My first experience with a composting bin came from my town. They provided free bins to each household in an effort to promote composting. The bins were in the form of very large stiff black plastic pieces in the shape of a circle. Atop the circle sat a solid plastic domed lid with some holes punched in it.  These bins were difficult to use. It was a challenge turning the compost within them, and also a pain to remove the compost. A shovel was required, as well as leaning over the circular walls to dig. The lids did not let in enough water, and all that black plastic did not provide enough aeration. It took forever for the garden waste to breakdown, plus the stiff plastic circles began to warp. While I hated this particular method of composting, the town did increase my interest in finding a better way to make compost.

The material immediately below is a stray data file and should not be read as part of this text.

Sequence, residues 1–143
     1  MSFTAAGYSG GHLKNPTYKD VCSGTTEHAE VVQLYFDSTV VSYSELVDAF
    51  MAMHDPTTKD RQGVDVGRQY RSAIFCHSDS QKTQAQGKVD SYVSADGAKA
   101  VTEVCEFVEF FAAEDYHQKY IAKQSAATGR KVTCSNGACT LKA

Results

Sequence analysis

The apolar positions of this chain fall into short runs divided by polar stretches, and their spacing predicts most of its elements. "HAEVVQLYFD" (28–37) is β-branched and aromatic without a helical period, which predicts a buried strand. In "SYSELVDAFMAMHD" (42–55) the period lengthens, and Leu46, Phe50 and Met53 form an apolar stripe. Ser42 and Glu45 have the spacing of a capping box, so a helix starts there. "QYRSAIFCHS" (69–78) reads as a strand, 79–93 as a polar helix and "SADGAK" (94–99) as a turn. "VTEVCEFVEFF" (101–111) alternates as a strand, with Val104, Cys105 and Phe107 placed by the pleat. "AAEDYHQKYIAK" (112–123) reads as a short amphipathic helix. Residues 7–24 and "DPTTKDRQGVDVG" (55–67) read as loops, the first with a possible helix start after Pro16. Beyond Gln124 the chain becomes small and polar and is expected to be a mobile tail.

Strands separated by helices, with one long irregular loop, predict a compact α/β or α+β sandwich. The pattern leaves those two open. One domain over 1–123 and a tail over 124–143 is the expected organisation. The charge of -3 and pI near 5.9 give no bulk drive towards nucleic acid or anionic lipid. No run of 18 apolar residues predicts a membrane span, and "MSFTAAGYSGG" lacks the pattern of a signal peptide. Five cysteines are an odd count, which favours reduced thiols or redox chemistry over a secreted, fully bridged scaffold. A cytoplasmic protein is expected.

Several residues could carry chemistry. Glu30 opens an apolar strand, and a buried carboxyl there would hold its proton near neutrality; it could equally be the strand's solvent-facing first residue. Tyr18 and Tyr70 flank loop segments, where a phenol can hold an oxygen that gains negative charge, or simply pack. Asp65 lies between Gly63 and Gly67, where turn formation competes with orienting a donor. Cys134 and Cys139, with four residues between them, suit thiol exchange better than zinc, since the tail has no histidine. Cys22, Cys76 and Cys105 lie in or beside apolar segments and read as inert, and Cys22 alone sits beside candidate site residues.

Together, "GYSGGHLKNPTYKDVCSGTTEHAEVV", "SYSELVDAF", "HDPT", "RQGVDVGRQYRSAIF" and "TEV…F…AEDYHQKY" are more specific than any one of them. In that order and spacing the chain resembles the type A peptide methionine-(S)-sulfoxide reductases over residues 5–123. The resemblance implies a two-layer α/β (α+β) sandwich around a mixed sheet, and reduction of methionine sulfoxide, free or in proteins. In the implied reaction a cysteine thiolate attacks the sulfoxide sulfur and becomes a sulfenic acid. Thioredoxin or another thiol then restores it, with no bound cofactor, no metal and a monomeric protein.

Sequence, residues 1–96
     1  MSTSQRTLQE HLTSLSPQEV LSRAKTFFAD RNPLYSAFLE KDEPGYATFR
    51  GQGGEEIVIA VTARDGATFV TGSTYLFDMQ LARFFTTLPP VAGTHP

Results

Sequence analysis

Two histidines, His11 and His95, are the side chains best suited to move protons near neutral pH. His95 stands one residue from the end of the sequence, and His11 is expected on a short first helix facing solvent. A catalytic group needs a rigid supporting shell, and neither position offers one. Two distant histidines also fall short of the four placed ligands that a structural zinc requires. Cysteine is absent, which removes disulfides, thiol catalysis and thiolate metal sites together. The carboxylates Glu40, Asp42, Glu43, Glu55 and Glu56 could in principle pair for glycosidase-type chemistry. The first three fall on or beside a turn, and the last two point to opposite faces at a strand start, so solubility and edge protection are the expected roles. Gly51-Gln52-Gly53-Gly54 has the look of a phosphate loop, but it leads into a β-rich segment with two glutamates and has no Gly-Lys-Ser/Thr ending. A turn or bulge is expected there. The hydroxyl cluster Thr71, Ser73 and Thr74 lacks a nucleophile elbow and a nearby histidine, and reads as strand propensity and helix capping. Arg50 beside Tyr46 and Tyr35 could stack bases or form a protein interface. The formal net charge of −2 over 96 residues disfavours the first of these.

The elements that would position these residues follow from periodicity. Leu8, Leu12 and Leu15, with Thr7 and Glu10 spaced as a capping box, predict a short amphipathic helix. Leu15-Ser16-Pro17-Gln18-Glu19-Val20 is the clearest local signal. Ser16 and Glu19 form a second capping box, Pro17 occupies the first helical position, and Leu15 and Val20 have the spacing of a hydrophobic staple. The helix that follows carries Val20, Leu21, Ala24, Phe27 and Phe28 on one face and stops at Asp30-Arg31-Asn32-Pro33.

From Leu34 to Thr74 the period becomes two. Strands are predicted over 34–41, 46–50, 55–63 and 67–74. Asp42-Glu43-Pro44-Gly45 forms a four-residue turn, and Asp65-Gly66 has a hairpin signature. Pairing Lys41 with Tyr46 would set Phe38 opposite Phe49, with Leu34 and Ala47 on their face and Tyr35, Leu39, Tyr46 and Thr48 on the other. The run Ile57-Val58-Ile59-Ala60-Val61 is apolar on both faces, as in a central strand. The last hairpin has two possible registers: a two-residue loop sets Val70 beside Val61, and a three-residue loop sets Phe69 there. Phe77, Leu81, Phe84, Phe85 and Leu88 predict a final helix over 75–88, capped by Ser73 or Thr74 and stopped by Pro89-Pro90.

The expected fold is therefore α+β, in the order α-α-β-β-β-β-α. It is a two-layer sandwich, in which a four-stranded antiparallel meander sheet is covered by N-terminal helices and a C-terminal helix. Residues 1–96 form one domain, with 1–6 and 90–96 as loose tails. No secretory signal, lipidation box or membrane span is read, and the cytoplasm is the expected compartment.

Enter the Deluxe Pyramid Composter. After doing a lot of research and seeing what was out there … I decided this style of composting bin would work best for me. And I was right. This type of bin comes in several shapes, most of them vertical with either round or squared sides. The one I have has squared sides and stands about three feet high and is 28” square. This unit also has a hinged lid for access from the top, and two doors (one at the front and one at the back) that slide vertically open and closed. These sliding doors allow me to shovel out the compost that has formed at the bottom of the bin. The lid top is in the shape of a pyramid. This allows rainwater to slide down the pyramid and into the bin through plenty of ventilation holes.  I use a pitchfork or Garden Claw to stir the compost.